Matt Harbert (35:20):One thing, go right ahead. No, no, go ahead, Matt. Go ahead. I was going to say one other thing, nuance that I wanted to call out is sort of the human element to the bounding. So for example, I only have so many human beings that I can divide into domain teams. And so even if within those domain teams I have to have subdomains, it’s going to be the same human beings doing it. So might as well be a one domain team with multiple data products.

Samia Rahman (35:49):Yeah, Matt, you bring a very good point in my observation. Like our finance domain team, they are not, or not finance, our commercial domain team, they’re not allowed to see clinical trial domain data. So our architecture is influenced by the team and the data they’re allowed to manage. And then you put guardrails of access controls, et cetera. You can allow for interoperability for limited attributes, but team size also impacts that boundary.

Scott Hirelman (36:23):Yeah, I mean, hin sun at JP Morgan Chase said they were trying to decentralize to all of their domains, and then they found some domains that were too small where it just didn’t make any sense to decentralize the data into them because they didn’t have enough data and they didn’t have enough heads. So it was like we’re going to have to spend all of our time on these people from doing their jobs to just doing data. So then they’re not doing their actual value add of the domain as well as the data. So they moved that back into small centralized teams that are handling four or five of these domains. They might have a couple or two or three of those teams because there are these domains where that’s the only thing that really makes any sense. And so I think pragmatism is something that Ack doesn’t talk about a ton in her book.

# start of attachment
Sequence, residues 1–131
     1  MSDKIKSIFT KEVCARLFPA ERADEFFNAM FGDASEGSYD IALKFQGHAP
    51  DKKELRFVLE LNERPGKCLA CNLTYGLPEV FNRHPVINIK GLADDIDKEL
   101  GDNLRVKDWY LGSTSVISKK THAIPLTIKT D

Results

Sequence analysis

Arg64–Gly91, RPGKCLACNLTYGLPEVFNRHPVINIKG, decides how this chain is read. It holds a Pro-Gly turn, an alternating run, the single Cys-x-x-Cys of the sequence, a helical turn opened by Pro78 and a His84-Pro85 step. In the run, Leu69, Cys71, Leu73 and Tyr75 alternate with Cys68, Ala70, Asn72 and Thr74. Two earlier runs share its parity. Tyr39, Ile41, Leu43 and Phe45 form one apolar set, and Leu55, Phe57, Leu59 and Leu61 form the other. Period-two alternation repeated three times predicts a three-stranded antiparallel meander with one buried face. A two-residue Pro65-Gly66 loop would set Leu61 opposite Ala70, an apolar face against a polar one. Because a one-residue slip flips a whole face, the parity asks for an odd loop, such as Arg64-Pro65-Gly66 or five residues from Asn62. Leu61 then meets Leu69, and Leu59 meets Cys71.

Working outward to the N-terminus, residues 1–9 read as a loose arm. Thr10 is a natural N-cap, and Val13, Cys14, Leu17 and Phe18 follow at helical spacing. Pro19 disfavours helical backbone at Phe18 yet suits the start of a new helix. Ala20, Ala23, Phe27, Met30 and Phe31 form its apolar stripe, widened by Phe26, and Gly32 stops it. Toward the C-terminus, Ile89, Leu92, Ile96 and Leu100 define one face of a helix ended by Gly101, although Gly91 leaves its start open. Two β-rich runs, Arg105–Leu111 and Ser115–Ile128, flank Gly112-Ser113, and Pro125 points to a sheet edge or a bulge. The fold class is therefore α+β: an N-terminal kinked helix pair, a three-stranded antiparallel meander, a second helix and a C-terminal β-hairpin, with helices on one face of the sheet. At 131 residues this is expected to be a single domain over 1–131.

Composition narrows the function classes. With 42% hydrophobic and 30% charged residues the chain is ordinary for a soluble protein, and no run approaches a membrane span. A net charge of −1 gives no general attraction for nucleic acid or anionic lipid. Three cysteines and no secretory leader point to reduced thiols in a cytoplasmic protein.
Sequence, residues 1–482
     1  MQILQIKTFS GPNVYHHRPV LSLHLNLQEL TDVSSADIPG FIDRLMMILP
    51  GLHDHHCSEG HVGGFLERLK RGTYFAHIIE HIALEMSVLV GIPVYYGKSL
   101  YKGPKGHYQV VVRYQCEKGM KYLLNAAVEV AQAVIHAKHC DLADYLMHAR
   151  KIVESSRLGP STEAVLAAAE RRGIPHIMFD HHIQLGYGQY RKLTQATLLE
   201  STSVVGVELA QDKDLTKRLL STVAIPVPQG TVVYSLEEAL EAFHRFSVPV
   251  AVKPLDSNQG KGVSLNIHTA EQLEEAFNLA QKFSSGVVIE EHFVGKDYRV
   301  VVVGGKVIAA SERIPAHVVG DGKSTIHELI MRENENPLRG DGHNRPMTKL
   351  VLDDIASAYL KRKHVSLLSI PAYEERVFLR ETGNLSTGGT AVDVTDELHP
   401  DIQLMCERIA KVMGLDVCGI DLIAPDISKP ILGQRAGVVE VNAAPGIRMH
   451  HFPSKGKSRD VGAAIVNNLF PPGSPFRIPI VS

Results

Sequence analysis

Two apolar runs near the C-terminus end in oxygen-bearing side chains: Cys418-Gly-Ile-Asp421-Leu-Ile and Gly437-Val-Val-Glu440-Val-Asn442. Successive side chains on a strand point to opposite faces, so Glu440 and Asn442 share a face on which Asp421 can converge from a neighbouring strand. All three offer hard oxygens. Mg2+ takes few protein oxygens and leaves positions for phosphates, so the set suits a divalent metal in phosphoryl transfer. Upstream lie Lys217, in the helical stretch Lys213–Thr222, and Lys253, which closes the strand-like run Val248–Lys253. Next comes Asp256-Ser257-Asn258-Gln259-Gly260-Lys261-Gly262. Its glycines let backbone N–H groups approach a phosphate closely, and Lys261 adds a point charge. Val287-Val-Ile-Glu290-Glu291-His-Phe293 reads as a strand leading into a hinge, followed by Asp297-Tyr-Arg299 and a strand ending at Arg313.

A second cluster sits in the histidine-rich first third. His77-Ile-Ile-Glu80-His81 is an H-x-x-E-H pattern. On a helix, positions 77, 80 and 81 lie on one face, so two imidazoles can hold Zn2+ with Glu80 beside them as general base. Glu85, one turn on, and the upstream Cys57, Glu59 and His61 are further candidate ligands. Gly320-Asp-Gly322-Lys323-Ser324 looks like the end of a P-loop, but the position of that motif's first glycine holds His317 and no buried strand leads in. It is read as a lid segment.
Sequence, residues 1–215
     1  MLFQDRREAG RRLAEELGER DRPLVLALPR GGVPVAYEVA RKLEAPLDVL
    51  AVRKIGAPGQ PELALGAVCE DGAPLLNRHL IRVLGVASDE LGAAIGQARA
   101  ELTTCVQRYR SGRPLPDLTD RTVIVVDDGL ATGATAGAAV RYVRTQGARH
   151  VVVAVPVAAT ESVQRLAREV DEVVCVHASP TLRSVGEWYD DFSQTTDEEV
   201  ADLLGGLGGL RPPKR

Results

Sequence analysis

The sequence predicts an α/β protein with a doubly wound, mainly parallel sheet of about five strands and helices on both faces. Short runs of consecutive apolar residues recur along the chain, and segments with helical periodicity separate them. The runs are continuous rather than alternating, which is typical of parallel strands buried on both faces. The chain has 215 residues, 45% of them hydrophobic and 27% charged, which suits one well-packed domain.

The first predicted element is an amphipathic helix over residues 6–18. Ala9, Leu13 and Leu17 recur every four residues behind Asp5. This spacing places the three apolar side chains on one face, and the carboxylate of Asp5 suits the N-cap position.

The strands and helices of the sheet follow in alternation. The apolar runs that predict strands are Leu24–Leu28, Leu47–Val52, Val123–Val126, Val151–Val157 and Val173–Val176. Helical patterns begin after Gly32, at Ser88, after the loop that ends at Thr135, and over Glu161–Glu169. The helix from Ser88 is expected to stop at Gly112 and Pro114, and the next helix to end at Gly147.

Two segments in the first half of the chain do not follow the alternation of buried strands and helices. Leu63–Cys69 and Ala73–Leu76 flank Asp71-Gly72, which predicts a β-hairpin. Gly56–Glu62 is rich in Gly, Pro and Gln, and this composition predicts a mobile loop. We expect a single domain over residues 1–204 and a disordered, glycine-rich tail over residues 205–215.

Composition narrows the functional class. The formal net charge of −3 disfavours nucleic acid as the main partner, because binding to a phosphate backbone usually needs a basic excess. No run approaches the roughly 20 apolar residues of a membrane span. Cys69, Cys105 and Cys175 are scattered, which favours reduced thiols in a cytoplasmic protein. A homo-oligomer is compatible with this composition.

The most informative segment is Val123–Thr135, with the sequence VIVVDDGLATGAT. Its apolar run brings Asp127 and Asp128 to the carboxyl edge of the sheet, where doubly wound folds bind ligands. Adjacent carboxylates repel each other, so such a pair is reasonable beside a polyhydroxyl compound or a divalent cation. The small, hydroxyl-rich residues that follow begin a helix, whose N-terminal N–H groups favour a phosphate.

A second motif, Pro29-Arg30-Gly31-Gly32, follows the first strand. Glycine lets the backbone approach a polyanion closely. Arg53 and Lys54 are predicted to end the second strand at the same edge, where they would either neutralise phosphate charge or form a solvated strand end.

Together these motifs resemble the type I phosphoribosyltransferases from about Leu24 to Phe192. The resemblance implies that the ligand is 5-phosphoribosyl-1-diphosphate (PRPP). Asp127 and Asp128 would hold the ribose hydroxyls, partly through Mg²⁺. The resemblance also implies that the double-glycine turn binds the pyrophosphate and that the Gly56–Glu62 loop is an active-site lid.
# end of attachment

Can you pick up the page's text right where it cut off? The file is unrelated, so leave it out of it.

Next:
She does when you actually speak with her, when you actually have a conversation with her. But she couldn’t be like, and here’s the pragmatic approach for every single aspect, it’s like, here’s what it would look like in a world where it was perfect. It’s kind of that economics of holding all else equal. And it’s like that can’t actually happen, but that pragmatism as to figuring out what works for you without cutting corners and just going, well, this is the easy route versus this is the route that’s going to have the biggest impact and kind of testing and figuring that out. But Matt, it’s exactly what you just said. Sometimes I just have to do what I have to do. And sometimes Paul Kabaka has talked about this from Ocean Spray and he’s talked about, I’m never going to be able to fully decentralize into these domains because they just don’t have the need to, but we’re pushing more and more of the ownership to shared because that’s what’s going to drive value.